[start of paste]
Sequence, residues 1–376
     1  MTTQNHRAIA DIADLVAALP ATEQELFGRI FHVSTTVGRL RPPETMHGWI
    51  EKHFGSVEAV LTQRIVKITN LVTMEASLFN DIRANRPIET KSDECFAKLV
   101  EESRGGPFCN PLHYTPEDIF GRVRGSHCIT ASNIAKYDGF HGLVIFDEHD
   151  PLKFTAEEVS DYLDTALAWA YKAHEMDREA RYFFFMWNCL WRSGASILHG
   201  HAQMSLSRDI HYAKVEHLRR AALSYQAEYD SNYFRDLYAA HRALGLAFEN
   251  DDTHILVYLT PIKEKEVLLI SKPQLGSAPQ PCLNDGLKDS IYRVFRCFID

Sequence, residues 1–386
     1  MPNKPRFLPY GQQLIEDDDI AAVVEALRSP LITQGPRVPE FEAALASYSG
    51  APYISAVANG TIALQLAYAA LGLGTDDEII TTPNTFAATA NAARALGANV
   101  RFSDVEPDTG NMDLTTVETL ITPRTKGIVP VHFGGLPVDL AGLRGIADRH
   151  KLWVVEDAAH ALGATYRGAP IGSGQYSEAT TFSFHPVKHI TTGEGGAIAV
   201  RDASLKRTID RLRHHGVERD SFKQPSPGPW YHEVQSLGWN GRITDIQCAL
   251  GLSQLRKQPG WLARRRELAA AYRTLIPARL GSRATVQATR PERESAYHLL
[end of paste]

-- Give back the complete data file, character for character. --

Sequence, residues 1–376
     1  MTTQNHRAIA DIADLVAALP ATEQELFGRI FHVSTTVGRL RPPETMHGWI
    51  EKHFGSVEAV LTQRIVKITN LVTMEASLFN DIRANRPIET KSDECFAKLV
   101  EESRGGPFCN PLHYTPEDIF GRVRGSHCIT ASNIAKYDGF HGLVIFDEHD
   151  PLKFTAEEVS DYLDTALAWA YKAHEMDREA RYFFFMWNCL WRSGASILHG
   201  HAQMSLSRDI HYAKVEHLRR AALSYQAEYD SNYFRDLYAA HRALGLAFEN
   251  DDTHILVYLT PIKEKEVLLI SKPQLGSAPQ PCLNDGLKDS IYRVFRCFID

Sequence, residues 1–386
     1  MPNKPRFLPY GQQLIEDDDI AAVVEALRSP LITQGPRVPE FEAALASYSG
    51  APYISAVANG TIALQLAYAA LGLGTDDEII TTPNTFAATA NAARALGANV
   101  RFSDVEPDTG NMDLTTVETL ITPRTKGIVP VHFGGLPVDL AGLRGIADRH
   151  KLWVVEDAAH ALGATYRGAP IGSGQYSEAT TFSFHPVKHI TTGEGGAIAV
   201  RDASLKRTID RLRHHGVERD SFKQPSPGPW YHEVQSLGWN GRITDIQCAL
   251  GLSQLRKQPG WLARRRELAA AYRTLIPARL GSRATVQATR PERESAYHLL